By James Stark
In this good documented and hugely readable e-book, James Stark presents a historical past of vocal pedagogy from the start of the bel canto culture of solo making a song within the past due 16th and early 17th centuries to the current. utilizing a nineteenth-century treatise by way of Manuel Garcia as his element of reference, Stark analyses the numerous resources that debate making a song suggestions and selects a few basic vocal 'problems' for exact research. He additionally provides info from a chain of laboratory experiments conducted to illustrate the recommendations of bel canto.
The dialogue bargains commonly with such themes because the emergence of virtuoso making a song, the castrato phenomenon, nationwide changes in making a song types, controversies in regards to the perennial decline within the artwork of making a song, and the so-called secrets and techniques of bel canto.
Stark deals a brand new definition of bel canto which reconciles old and clinical descriptions of fine making a song. His is a fresh and profound dialogue of matters very important to all singers and voice teachers.
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Extra resources for Bel Canto: A History of Vocal Pedagogy
Brahms wrote the Magelone Lieder and the baritone part of the Deutsches Requiem especially for him. Stockhausen founded his own school in Frankfurt am Main in 1880, and his important vocal treatise, based upon Garcia’s, was published in both German and English in 1884 (Stockhausen 1884). 2 Another pupil of Stockhausen, Max Friedlaender, studied first with Garcia in Paris and London. Friedlaender became a Schubert scholar and edited the widely used Peters edition of Schubert’s songs. Garcia’s influence as both scholar and teacher is thus well represented in his students.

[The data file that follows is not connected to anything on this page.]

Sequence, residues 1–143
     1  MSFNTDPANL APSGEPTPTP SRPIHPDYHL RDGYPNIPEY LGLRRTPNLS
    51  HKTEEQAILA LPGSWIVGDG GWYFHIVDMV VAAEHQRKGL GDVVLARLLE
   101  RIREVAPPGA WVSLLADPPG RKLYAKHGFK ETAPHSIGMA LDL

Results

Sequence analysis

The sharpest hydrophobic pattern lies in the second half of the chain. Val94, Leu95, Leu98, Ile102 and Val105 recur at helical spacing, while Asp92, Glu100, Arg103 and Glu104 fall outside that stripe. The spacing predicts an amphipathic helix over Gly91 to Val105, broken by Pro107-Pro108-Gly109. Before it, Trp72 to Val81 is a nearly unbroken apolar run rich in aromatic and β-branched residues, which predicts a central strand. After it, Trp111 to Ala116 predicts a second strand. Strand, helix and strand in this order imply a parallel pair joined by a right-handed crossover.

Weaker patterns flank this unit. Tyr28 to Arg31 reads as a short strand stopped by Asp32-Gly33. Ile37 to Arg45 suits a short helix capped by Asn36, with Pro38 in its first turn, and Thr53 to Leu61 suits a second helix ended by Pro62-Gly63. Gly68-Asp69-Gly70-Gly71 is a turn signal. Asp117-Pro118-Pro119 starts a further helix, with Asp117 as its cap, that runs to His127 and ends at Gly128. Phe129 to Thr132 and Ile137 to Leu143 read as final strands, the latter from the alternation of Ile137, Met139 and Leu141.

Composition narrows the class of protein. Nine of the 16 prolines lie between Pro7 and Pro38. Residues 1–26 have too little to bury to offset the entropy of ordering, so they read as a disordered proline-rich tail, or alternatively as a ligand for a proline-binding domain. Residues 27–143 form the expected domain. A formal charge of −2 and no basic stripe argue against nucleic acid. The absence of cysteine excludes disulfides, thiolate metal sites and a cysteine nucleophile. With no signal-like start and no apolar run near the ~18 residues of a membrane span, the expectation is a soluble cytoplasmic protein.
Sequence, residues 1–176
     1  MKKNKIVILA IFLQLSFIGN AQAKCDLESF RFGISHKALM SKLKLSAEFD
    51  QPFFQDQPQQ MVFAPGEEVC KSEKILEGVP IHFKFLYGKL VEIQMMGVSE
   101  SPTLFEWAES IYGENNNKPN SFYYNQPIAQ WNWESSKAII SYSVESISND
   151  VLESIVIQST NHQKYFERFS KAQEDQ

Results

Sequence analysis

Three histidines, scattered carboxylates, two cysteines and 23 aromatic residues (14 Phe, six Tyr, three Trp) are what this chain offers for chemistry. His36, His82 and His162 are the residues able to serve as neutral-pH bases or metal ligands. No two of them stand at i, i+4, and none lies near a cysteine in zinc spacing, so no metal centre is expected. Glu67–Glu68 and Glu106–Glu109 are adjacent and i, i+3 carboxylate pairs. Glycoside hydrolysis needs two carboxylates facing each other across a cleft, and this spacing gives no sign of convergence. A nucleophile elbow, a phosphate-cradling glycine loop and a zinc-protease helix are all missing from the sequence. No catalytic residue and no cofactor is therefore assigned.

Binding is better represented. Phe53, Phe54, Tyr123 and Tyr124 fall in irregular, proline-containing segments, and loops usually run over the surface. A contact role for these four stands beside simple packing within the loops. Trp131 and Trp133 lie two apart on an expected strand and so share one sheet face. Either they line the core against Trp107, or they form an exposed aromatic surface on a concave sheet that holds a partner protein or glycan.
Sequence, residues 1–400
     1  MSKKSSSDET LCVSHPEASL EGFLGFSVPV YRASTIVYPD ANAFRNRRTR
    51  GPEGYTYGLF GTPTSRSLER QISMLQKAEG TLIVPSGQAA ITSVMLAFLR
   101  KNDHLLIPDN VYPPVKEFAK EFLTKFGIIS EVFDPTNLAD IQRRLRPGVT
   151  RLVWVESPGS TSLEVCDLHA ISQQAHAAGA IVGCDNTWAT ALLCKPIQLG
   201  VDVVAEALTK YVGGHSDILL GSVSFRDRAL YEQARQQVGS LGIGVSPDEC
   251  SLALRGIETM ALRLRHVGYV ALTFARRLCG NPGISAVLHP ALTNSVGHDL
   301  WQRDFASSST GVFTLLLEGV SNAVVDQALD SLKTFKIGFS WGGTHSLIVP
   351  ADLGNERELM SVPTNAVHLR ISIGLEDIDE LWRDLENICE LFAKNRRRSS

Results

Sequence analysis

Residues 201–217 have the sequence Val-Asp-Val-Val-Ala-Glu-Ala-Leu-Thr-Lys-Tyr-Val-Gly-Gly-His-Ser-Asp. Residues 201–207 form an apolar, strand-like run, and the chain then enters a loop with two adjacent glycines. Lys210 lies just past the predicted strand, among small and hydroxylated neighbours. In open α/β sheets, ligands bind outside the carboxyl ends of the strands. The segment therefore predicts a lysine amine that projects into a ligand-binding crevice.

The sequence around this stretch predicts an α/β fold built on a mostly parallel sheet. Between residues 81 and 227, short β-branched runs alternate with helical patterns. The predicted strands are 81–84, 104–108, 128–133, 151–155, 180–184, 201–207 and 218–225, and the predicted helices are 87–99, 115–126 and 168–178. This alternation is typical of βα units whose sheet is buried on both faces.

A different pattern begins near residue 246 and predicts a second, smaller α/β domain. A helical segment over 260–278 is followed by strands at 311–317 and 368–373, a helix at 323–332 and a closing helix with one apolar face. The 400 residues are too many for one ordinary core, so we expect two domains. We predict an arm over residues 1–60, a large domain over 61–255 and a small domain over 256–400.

Catford described two discrete glottal settings which produced different voice qualities. ’ In the five-fifths setting, ‘the entire length of the glottis – both the anterior (ligamental) and the posterior (arytenoidal) parts – can be regarded as (potentially) functioning as a single unit’ (Catford 1977, 102). This description resembles Garcia’s, although Catford does not cite Garcia. John Laver, a follower of Catford, used the terms ‘lax’ voice and ‘tense’ voice for these two glottal settings, but recognized the pitfalls in these labels.
Mathilde Marchesi (who accepted only female pupils) established her own school, where she taught such famous singers as Emma Calvé, Emma Eames, Nellie Melba, and her own daughter Blanche Marchesi. Her influential vocal tutor, based on Garcia’s teaching, went through several editions and is available in a modern reprint edition (M. Marchesi 1877, 1970). Charles Battaille, a medical doctor who studied with Garcia in Paris before entering the Paris Opéra as a bass, published a pamphlet on vocal physiology (Bataille 1861).
Bel Canto: A History of Vocal Pedagogy by James Stark